The primary technique that surgeons use to place the grafts is to simply make small incisions in the scalp. The incisions are just large enough that the follicular units can be squeezed into them. The incisions, or slits, hold the grafted follicular units without the need for sutures—a friction fit or “snug” fit.

One hair replacement surgical technique that has been tried is the use of a cutting laser (such as a CO2 or erbium YAG laser) to prepare the recipient scalp. Instead of using a scalpel, the focused light energy is used to make small incisions in the recipient area. As it cuts, the laser cauterizes the surgical wound, which minimizes bleeding and bruising at the recipient site. Unfortunately the grafted follicular units require a robust blood supply in order to survive, especially in the days after hair replacement surgery. While the laser is great at stopping bleeding, it also seems to prevent an adequate blood supply. Therefore laser hair replacement surgery, as it is called, remains controversial.

Hair replacement surgery recovery

The scalp is fitted with a dressing, similar to a snug fitting cap, which keeps the area covered until initial healing can begin. Because the follicular unit grafts are squeezed into the recipient sites, the bleeding is fairly minor and the first stages of healing occur quickly—the cap dressing can be removed in a day or two. Gentle shampooing can begin within a day or two as well.

People are generally prescribed an antibiotic to reduce the risk of infected grafts. This antibiotic may be taken a few days before, during, and after the hair replacement surgery. Pain control is accomplished with NSAIDS and, rarely, morphine-like drugs. In general the recovery process is only mildly painful, unlike many other cosmetic surgeries.

Hair replacement surgery cost

The cost of hair replacement surgery can vary quite a bit, but the average cost of hair replacement surgery is around $5,000. Some surgeons have moved to a “price per graft” fee when charging for hair replacement surgery. The cost per graft can range $3 to $9 per graft, but the average is usually around $5 per graft (follicular unit). Since most patients will require between 1,000 to 1,500 follicular units or more, the costs can approach $10,000 in some cases.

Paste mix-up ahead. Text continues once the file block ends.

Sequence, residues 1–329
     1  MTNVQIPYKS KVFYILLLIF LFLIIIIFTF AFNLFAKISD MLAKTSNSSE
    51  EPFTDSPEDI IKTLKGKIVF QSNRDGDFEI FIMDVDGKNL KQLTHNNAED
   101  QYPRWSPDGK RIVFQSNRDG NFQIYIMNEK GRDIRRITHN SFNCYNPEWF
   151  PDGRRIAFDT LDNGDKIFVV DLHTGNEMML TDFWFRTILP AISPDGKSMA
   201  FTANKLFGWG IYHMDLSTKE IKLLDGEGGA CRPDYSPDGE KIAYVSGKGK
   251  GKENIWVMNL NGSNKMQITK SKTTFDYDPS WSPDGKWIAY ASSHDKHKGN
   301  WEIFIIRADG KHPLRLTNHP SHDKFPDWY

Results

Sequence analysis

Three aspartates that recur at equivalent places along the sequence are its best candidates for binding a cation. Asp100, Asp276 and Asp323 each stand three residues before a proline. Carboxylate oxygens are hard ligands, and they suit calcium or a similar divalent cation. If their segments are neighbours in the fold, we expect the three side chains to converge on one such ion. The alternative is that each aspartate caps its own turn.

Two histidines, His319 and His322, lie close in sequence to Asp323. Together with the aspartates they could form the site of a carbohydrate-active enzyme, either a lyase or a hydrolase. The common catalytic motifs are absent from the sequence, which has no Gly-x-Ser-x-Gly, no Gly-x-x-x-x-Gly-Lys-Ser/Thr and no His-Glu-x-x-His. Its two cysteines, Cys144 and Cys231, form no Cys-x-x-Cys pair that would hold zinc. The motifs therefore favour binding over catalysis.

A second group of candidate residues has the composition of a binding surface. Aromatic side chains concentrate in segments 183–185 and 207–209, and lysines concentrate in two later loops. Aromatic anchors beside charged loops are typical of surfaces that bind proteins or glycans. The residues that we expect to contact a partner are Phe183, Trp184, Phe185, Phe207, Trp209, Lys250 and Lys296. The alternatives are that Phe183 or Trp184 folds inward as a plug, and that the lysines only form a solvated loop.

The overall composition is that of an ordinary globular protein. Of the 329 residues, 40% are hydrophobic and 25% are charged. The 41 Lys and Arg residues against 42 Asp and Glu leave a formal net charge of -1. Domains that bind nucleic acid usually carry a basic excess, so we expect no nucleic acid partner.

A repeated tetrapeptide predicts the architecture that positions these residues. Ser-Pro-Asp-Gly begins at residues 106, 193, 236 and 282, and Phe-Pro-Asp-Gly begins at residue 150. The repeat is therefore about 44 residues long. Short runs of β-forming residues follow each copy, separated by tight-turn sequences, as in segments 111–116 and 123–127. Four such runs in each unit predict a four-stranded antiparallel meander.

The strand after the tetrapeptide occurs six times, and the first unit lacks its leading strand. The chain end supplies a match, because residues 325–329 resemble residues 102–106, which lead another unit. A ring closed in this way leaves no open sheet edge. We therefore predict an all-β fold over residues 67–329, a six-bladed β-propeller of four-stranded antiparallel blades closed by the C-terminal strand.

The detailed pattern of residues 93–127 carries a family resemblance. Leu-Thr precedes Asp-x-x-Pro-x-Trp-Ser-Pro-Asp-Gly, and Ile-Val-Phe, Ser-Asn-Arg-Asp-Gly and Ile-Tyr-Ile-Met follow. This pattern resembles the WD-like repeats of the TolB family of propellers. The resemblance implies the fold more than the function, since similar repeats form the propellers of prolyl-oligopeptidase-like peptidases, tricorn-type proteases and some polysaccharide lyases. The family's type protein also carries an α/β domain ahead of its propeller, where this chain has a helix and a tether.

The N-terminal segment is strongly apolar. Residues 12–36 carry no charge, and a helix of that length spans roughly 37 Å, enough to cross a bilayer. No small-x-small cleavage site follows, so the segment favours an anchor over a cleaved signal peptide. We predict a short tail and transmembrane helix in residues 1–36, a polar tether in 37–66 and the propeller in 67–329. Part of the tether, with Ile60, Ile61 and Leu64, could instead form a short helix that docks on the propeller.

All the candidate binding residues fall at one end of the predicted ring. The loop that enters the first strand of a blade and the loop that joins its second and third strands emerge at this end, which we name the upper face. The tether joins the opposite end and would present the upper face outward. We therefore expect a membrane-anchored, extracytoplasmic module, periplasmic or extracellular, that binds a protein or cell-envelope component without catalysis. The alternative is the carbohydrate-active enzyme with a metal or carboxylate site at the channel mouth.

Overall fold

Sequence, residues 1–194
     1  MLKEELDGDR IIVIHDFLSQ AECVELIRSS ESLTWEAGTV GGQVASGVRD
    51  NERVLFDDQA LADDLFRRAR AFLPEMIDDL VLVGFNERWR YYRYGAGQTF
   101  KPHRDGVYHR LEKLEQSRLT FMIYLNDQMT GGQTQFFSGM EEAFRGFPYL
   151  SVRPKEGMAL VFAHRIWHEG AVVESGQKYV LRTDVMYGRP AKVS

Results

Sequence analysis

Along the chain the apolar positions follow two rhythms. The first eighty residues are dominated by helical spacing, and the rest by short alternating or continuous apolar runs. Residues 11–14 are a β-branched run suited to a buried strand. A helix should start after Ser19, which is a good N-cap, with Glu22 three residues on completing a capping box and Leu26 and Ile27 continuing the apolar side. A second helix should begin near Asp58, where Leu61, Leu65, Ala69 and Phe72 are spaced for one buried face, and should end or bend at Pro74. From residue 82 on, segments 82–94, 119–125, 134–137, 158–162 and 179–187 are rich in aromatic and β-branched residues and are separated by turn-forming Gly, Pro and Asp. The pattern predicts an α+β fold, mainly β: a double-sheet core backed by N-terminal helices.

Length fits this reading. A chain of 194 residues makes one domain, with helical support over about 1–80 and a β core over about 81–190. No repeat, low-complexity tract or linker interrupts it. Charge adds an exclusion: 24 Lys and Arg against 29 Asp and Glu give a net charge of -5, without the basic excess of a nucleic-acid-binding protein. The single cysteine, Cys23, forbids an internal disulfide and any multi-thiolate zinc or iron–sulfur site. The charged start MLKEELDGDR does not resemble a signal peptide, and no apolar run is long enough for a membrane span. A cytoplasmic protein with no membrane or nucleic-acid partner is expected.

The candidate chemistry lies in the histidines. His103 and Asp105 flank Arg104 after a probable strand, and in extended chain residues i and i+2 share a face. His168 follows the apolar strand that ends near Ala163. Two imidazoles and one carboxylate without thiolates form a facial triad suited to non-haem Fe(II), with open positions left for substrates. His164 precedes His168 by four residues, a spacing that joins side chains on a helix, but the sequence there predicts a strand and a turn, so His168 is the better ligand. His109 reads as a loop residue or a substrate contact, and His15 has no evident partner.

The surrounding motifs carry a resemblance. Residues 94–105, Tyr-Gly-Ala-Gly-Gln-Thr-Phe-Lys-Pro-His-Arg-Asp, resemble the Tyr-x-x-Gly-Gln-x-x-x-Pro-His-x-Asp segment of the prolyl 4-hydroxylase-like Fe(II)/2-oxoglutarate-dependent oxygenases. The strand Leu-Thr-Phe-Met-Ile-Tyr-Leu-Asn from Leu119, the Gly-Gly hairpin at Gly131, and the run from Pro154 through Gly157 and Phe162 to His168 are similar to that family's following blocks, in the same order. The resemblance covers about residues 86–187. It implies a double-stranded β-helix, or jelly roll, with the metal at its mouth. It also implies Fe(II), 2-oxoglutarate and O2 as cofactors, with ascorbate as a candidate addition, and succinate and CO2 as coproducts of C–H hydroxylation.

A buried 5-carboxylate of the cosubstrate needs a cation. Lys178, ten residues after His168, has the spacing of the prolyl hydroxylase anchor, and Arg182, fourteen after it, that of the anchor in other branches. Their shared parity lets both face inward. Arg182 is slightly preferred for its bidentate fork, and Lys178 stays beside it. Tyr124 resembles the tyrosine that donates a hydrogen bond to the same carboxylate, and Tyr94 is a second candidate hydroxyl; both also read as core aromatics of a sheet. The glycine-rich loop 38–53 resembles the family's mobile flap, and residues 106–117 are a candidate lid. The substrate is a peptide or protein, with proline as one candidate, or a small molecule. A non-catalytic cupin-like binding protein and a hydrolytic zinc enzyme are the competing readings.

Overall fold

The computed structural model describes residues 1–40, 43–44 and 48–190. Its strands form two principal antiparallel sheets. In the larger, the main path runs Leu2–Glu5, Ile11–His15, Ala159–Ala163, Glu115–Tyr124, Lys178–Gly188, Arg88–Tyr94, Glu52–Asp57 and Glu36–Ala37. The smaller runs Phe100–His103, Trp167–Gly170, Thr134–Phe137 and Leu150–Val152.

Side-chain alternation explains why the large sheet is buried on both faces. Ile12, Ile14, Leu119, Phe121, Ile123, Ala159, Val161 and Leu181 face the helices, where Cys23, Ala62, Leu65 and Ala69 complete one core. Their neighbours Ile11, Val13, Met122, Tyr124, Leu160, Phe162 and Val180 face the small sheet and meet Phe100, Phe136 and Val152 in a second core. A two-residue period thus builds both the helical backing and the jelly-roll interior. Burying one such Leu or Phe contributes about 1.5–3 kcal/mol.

Keep in mind that the cost of antibiotics, pain medications, bandages, and facility fees may or may not be covered in this price. Since the hair replacement surgery is done in the office as a same day procedure (even though it may take the entire day!) the facility fees should be part of the surgeon’s fee. Also, compared to the cost of the surgeon’s fees, the cost of generic pain killers and antibiotics should be nominal, an additional $100, at most. You should discuss all fees and costs with several plastic surgeons to get a specific idea of what you will be required to pay.

Hair replacement surgery reference list

(1) Bernstein RM, Rassman WR. Follicular unit transplantation: 2005. Dermatol Clin 2005;23:393-414, v.

(2) Headington JT. Transverse microscopic anatomy of the human scalp. A basis for a morphometric approach to disorders of the hair follicle. Arch Dermatol 1984;120:449-456.

(3) Jimenez F, Ruifernandez JM. Distribution of human hair in follicular units. A mathematical model for estimating the donor size in follicular unit transplantation. Dermatol Surg 1999;25:294-298.

(4) Venkataram M. Changing trends in hair restoration surgery. Indian J Dermatol Venereol Leprol 2006;72:103-111.

ABOUT THE AUTHOR: Michael T. Spako is an M.D. who chose to pursue a medical writing career instead of a doctors practice. I am pleased to have him as the principal writer for this hair replacement / hair restoration site, and look forward to his further contributions. Donald Urquhart, Psychologist, Editor.